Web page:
Friday, 22 July 2016
Review: The Talisman, Jonathan Aycliffe
What seems to be one of Aycliffe's quirks as a writer is to write a little note introducing his novels to long time readers. These notes are conversational, endearing and really quite bewildering to someone who has only stumbled upon his work recently. The one that prefaces The Talisman warns that his publisher suggested he try to caputre a slightly younger audience, so it might be a bit different to his other work.
Now, I admit that when this was first published, although I was indeed still in the literary equivalent of short trousers, I probably wasn't the 'younger audience' to whom he was pitching, however I have to ask: this novel is about Tom - a middle aged museum employee and academic - attempting to protect his adoptive son and disabled wife from the nefarious influence an ancient Mesopotamian artifact. The plot takes us to Iraq, the British Museum, and the hell that is organising a small child's birthday party.
What kind of younger audience was he trying to capture?
That said, I loved this book. It was a perfectly well constructed, effective horror novel. The stakes were just right, the air of foreboding impressive. It would make a fabulous television - maybe a BBC adaptation featuring one of their less-cheekboney male stars and released in time for the doldrums of the Christmas holidays.
Yes, the appearance of a token spiritual Sufi character was perhaps not as well handled as it could have been, and one must ask if the premise of 'ancient evil from dread temple in Old Babylon' is perhaps a trope that we could do without, but in terms of story - and indeed, research - Aycliffe acquits himself well. It doesn't surprise me to learn he's well qualified in Persian, Arabic and Islamic studies.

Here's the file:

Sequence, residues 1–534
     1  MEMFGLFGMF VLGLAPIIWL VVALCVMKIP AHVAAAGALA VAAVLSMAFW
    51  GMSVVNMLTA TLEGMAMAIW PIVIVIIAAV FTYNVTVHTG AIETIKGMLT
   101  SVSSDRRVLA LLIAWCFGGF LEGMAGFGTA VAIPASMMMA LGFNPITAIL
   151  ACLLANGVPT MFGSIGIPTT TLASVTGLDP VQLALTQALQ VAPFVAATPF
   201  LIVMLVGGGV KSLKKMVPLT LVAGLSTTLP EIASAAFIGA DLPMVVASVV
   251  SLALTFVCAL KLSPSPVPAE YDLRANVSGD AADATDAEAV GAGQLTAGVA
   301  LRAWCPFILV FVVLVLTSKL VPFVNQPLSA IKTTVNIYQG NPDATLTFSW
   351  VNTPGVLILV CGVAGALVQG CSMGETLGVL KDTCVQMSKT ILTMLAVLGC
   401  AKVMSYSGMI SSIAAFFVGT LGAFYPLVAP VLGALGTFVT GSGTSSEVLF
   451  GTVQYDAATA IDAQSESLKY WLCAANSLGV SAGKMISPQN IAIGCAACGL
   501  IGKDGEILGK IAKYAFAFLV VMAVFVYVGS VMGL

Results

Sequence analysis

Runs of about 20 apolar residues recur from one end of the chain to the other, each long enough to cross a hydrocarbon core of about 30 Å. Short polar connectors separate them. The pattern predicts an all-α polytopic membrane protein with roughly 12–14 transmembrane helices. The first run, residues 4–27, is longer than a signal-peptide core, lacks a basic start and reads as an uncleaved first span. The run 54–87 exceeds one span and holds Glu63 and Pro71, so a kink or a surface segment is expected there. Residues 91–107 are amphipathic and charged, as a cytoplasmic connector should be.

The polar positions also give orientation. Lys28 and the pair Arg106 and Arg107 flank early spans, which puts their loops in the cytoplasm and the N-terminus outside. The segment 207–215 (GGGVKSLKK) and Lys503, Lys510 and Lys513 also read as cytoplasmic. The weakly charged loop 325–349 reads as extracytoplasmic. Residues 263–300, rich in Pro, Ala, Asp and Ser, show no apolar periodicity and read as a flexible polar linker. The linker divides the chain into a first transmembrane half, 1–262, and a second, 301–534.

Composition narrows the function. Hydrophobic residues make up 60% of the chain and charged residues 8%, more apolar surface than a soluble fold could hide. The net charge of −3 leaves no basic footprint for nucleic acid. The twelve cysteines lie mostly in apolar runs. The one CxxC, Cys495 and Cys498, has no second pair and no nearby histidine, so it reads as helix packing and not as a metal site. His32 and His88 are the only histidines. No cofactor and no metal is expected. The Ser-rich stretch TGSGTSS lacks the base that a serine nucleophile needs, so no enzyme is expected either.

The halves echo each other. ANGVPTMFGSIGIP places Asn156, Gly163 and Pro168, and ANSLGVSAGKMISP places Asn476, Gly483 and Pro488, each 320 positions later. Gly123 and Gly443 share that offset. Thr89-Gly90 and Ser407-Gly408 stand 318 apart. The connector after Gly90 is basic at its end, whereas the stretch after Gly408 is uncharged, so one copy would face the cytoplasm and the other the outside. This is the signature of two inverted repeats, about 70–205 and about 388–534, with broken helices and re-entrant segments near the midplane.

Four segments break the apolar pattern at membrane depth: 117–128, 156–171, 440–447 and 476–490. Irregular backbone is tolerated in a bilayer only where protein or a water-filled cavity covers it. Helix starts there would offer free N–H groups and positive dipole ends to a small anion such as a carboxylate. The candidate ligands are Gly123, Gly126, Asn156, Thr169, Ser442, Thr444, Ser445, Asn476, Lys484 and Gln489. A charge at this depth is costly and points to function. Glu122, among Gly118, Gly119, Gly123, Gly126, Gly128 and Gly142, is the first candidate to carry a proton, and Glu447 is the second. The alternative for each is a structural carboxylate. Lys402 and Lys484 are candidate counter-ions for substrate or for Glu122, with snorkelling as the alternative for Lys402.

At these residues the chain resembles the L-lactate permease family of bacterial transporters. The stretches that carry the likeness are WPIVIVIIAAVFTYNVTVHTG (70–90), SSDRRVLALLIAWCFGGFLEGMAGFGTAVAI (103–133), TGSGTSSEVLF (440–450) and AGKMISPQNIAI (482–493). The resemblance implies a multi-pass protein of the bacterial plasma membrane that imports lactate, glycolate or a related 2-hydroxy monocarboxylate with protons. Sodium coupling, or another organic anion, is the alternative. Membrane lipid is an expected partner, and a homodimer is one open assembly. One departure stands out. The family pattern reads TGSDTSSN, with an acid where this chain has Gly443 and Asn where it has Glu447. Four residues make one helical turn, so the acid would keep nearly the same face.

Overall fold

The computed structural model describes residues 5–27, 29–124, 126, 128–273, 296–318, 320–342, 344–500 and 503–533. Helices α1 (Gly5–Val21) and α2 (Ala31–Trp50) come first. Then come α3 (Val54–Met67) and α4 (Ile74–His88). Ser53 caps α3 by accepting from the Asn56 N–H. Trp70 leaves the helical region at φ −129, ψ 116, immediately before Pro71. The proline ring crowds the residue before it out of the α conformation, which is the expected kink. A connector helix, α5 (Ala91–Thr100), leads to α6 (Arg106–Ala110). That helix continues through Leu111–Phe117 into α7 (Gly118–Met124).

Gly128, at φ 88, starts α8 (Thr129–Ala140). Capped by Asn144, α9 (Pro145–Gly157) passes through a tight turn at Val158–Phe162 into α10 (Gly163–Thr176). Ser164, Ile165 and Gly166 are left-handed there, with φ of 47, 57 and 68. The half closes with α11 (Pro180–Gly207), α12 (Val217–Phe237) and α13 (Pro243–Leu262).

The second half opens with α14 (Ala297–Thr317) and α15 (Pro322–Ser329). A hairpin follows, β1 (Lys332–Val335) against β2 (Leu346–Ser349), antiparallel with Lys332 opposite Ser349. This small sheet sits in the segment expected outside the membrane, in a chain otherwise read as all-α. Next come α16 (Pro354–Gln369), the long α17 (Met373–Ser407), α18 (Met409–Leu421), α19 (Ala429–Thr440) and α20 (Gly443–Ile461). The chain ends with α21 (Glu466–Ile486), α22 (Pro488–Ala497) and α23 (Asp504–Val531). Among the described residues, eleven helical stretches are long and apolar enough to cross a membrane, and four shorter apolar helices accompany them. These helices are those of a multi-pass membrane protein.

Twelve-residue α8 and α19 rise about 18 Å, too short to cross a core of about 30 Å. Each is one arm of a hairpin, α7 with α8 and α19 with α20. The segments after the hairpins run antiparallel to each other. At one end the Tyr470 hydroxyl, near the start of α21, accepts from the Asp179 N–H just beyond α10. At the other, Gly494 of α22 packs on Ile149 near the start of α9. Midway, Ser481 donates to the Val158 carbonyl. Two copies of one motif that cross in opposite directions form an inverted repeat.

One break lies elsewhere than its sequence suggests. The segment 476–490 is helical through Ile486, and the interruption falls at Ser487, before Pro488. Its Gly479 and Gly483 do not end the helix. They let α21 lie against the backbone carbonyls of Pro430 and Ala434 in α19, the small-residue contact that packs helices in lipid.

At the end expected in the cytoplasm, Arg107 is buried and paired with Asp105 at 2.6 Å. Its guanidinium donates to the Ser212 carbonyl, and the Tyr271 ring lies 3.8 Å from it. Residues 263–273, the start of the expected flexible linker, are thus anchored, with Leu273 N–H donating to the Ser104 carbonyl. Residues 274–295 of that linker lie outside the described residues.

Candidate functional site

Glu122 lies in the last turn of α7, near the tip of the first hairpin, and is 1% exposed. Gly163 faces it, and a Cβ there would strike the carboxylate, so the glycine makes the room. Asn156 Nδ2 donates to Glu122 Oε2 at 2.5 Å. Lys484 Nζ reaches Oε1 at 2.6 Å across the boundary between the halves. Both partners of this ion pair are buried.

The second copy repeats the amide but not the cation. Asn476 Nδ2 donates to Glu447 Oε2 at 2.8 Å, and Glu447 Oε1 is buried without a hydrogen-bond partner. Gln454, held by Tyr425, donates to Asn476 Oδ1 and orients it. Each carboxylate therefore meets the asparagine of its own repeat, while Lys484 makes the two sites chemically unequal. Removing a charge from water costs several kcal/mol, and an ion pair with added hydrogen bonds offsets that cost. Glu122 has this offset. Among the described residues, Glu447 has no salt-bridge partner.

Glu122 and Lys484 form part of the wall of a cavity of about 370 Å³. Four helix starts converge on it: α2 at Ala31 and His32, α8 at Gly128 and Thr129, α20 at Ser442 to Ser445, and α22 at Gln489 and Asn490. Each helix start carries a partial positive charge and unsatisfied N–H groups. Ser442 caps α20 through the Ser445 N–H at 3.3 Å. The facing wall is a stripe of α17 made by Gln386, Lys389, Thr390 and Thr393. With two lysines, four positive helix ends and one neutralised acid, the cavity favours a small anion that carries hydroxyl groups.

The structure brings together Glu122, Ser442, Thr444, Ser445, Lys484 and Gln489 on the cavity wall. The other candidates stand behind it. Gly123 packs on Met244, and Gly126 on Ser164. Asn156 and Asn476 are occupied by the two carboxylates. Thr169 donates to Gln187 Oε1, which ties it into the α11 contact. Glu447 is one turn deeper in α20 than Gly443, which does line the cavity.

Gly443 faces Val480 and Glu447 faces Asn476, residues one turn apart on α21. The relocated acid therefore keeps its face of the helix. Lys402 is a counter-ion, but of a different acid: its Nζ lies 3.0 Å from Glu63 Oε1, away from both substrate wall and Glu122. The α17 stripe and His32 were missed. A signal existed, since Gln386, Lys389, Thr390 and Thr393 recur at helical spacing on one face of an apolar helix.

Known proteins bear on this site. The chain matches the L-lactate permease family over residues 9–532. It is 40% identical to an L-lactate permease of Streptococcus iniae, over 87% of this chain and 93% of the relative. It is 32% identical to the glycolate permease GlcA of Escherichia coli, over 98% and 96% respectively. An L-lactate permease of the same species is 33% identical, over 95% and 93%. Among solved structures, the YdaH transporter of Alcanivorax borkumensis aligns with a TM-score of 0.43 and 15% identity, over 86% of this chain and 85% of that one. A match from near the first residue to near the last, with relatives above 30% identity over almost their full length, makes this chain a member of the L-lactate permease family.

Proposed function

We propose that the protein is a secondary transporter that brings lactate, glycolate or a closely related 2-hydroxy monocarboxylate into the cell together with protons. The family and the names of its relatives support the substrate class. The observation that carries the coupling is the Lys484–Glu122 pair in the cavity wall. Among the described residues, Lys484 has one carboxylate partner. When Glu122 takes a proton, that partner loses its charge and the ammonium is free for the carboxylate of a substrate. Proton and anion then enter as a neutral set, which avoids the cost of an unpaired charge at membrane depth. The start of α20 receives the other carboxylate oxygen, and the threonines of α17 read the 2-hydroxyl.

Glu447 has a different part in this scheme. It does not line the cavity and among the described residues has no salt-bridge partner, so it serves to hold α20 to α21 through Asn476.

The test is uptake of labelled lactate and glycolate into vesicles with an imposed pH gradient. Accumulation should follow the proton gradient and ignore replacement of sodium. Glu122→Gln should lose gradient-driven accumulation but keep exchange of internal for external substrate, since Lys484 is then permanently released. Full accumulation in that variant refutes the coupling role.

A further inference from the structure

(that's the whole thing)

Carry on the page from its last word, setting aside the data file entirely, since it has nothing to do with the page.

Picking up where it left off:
What's more, his portrayal of Nicola's blindness was quite refreshing. Aycliffe's narration deals quite pragmatically with the adjustments that need to be made to one's life to cope with long-term disability, and the frustrations often attentdent upon it, without ever undermining her intelligence and independence. Aycliffe even plays upon society's ableism in the reactions surrounding Nicola's pregnancy. Not being disabled myself, I can't comment on the precise pros and cons of the way it was handled, but it felt both realist and sympathetic, and that was a really nice touch.
That said, this isn't a world shattering novel, or even one I'll revisit very often. It was merely a well put together and very enjoyable piece of horror - and there's nothing at all wrong with that.